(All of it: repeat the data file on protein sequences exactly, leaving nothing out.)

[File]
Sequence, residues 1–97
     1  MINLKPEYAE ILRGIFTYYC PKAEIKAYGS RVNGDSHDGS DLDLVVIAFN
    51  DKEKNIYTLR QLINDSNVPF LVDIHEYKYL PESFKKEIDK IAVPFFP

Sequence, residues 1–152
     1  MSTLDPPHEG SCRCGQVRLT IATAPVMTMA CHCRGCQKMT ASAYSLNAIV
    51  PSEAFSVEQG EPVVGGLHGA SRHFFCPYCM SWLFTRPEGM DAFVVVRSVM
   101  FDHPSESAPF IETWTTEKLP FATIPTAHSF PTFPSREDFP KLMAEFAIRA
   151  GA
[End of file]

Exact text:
Sequence, residues 1–97
     1  MINLKPEYAE ILRGIFTYYC PKAEIKAYGS RVNGDSHDGS DLDLVVIAFN
    51  DKEKNIYTLR QLINDSNVPF LVDIHEYKYL PESFKKEIDK IAVPFFP

Sequence, residues 1–152
     1  MSTLDPPHEG SCRCGQVRLT IATAPVMTMA CHCRGCQKMT ASAYSLNAIV
    51  PSEAFSVEQG EPVVGGLHGA SRHFFCPYCM SWLFTRPEGM DAFVVVRSVM
   101  FDHPSESAPF IETWTTEKLP FATIPTAHSF PTFPSREDFP KLMAEFAIRA
   151  GA